Mass Effect Andromeda: The Mako, The Legacy And All Those One Night Stands You’ll Be Having

Mass Effect Andromeda: The Mako, The Legacy And All Those One Night Stands You’ll Be Having
Image: Supplied

Last week, we were given the chance to get our hands on Mass Effect: Andromeda for a couple of hours. We also had the chance to chat with Fabrice Condominas, a producer on Andromeda whose primary role has been to “bring back that original Mass Effect feel”. We talked to him about recapturing the essence of the original game, reworking the Mako and more generally what we can expect from Mass Effect: Andromeda.

Kotaku: Andromeda, understandably, is under a lot of pressure to live up to the Mass Effect trilogy. Where did you start with making a game that could stand up to that legacy?

Fabrice Condominas: So first: the legacy is a gift and a challenge, sure, but we often forget about the gift part. The raw material that you start to work with is actually of very, very, very high quality, right?

Secondly, to answer your question more directly: we’re storytellers. Legacy, no legacy, fresh start or not a fresh start, it doesn’t really matter when you’re writing a story. And this is where we started: asking what kind of story do we want to tell, what kind of characters do we want to have, what type of personalities do we want to put forward, what kind of bonds do we want to create? And then little by little, you build a universe around that.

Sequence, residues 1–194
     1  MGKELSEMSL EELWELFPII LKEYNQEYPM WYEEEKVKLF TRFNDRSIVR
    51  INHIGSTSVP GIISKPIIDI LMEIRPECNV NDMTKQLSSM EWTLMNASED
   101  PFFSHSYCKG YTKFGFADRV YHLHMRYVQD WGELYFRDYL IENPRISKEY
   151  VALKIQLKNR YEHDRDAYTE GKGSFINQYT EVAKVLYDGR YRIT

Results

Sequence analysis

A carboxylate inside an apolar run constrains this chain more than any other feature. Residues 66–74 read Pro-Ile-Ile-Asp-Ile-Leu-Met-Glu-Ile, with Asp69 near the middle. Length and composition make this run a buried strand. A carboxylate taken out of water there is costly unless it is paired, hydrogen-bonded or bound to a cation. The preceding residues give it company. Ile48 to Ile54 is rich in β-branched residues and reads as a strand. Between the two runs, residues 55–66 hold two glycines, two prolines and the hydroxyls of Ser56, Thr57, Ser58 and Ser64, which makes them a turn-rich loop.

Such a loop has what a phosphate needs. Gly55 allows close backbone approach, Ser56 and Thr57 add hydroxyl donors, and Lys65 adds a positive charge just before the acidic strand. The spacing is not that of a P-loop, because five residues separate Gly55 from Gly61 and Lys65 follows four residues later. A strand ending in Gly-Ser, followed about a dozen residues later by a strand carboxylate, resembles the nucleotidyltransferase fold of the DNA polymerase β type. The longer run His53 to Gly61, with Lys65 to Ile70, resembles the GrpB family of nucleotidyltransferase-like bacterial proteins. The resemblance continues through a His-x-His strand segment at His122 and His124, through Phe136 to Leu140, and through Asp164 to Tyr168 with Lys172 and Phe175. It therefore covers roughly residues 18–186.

Also a thing we knew was that the trilogy was over, so there would be no strong bond with the trilogy. We all had a great ride with those characters — just like the player — but it was time to turn the page, and that was something very, very clear in our minds.

The question of the legacy and the pressure coming off of that well, honestly if you keep asking that of yourself then you’ll just freeze and you won’t do anything. So we just move on, we had to trust that we could do something of quality. The good part is that you have no choice but to make something of high quality, even if it takes five years.

Kotaku: You mentioned starting with the story and the characters, did one of those come before the other?

Condominas: I would say it’s pretty equal between the two at the beginning, because you work in parallel. So you find the story arc, and at the same time you define the types of personalities you want to have, starting with the main character.